Explaining Machine Learning Models using Entropic Variable Projection

François Bachoc, Fabrice Gamboa, Max Halford, Jean-Michel Loubes, Laurent Risser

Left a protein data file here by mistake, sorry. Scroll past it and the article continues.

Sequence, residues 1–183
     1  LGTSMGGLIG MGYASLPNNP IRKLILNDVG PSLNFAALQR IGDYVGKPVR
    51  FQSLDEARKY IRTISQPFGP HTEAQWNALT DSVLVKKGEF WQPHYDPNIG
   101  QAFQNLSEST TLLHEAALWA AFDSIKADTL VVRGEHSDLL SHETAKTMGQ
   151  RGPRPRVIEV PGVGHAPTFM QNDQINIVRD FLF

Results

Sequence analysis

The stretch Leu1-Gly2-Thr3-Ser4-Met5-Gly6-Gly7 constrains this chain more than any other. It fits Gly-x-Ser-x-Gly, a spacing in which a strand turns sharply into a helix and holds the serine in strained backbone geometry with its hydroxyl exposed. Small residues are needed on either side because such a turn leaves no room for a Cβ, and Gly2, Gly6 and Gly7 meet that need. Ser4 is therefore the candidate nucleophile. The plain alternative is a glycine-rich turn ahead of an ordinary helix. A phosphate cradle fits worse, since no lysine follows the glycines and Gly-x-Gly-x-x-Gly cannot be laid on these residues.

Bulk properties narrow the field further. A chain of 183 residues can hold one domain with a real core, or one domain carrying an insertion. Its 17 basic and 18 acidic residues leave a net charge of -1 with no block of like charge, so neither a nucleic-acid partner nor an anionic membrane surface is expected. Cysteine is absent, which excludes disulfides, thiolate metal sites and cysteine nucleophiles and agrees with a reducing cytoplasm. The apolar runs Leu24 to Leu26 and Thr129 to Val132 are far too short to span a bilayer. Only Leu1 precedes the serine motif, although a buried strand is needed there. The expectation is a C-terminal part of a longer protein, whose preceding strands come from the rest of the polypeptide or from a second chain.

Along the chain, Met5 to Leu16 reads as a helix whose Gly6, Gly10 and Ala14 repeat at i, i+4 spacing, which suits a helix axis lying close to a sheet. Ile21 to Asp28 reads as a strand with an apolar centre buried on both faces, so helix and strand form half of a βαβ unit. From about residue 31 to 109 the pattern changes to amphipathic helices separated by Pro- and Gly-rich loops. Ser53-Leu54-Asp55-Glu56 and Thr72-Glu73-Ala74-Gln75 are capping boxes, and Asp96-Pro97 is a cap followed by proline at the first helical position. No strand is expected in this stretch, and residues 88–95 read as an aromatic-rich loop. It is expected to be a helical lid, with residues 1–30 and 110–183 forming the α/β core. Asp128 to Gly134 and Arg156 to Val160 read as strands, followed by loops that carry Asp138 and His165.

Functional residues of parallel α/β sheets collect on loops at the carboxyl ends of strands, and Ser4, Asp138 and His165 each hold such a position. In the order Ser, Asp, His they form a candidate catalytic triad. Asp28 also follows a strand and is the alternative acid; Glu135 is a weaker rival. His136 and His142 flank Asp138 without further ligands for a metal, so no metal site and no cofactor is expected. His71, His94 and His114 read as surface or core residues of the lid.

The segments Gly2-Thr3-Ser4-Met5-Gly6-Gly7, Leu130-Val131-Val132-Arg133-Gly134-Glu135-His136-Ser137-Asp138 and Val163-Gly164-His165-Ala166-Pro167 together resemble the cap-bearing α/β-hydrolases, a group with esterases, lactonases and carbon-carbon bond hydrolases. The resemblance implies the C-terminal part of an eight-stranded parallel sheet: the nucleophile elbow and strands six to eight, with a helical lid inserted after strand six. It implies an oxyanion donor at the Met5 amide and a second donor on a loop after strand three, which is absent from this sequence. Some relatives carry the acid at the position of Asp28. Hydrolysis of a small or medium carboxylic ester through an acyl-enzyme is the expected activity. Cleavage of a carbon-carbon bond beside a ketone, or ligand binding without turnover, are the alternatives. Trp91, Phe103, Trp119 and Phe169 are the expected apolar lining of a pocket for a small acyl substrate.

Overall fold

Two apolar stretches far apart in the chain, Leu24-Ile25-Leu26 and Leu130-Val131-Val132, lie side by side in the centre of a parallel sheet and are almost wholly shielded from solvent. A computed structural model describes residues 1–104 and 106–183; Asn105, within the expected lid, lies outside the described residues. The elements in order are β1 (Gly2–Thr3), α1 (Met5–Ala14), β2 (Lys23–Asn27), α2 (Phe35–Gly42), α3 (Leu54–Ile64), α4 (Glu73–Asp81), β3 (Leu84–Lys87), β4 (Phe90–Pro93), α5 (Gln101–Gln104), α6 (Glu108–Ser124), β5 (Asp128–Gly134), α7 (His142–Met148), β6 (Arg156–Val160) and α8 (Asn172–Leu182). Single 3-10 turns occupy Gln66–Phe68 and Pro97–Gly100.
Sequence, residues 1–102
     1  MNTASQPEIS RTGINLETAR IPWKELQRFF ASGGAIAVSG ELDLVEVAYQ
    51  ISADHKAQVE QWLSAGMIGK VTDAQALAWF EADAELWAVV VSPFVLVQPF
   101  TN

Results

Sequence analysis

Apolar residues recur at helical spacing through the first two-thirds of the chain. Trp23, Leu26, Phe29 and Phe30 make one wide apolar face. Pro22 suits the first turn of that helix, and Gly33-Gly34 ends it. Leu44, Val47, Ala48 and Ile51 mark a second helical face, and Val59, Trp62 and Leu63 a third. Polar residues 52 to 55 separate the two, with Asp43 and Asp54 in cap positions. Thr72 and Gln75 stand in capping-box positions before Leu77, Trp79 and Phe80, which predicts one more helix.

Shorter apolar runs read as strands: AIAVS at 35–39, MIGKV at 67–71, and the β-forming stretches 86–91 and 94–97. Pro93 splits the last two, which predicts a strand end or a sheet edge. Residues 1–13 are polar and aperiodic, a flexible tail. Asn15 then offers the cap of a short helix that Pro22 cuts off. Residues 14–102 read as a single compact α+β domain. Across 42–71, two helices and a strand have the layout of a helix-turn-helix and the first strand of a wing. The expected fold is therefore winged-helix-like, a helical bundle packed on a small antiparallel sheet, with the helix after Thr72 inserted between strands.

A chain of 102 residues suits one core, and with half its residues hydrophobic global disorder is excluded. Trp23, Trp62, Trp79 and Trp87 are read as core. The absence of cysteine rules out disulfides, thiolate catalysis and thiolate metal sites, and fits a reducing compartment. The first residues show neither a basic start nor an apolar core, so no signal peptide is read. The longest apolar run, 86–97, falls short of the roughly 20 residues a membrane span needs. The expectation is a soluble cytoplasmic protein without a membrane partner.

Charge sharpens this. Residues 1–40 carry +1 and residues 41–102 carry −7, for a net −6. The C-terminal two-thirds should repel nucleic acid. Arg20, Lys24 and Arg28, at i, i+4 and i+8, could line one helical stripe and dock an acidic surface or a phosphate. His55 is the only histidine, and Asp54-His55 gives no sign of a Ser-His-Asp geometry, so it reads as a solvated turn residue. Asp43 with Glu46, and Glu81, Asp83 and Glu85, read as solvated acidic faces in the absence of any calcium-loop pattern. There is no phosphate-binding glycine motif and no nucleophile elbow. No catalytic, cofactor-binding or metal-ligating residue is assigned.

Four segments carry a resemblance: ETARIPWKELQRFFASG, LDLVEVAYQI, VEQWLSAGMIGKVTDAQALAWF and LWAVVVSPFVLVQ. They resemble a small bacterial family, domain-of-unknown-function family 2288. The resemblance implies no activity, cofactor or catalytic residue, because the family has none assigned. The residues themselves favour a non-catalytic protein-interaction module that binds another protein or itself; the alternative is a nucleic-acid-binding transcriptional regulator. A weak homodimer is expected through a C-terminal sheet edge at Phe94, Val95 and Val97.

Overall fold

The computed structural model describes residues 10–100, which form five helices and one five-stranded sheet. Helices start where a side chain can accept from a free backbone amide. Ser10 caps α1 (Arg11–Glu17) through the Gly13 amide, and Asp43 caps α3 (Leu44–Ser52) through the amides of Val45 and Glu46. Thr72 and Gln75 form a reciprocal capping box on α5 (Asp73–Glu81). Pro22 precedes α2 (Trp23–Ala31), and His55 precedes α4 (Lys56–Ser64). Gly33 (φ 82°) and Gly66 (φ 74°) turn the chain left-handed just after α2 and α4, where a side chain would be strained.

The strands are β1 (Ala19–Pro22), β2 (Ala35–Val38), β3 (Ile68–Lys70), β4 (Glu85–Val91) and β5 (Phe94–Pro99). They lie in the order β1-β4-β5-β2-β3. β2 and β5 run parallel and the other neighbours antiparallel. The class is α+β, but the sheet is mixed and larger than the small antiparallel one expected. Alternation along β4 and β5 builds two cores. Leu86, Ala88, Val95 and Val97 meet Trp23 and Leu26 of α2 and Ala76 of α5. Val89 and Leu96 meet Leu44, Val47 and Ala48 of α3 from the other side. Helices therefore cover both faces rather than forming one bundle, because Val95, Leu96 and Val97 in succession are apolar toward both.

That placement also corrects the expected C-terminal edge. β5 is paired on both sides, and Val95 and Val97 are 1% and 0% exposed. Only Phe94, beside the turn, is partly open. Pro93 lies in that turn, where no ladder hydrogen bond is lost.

In this paper, we present a new explainability formalism designed to explain how each input variable of a test set impacts the predictions of machine learning models. Hence, we propose a group explainability formalism for trained machine learning decision rules, based on their response to the variability of the input variables distribution. In order to emphasize the impact of each input variable, this formalism uses an information theory framework that quantifies the influence of all input-output observations based on entropic projections. This is thus the first unified and model agnostic formalism enabling data scientists to interpret the dependence between the input variables, their impact on the prediction errors, and their influence on the output predictions. Convergence rates of the entropic projections are provided in the large sample case. Most importantly, we prove that computing an explanation in our framework has a low algorithmic complexity, making it scalable to real-life large datasets. We illustrate our strategy by explaining complex decision rules learned by using XGBoost, Random Forest or Deep Neural Network classifiers on various datasets such as Adult income, MNIST and CelebA. We finally make clear its differences with the explainability strategies \textit{LIME} and \textit{SHAP}, that are based on single observations. Results can be reproduced by using the freely distributed Python toolbox https://gems-ai.com}.

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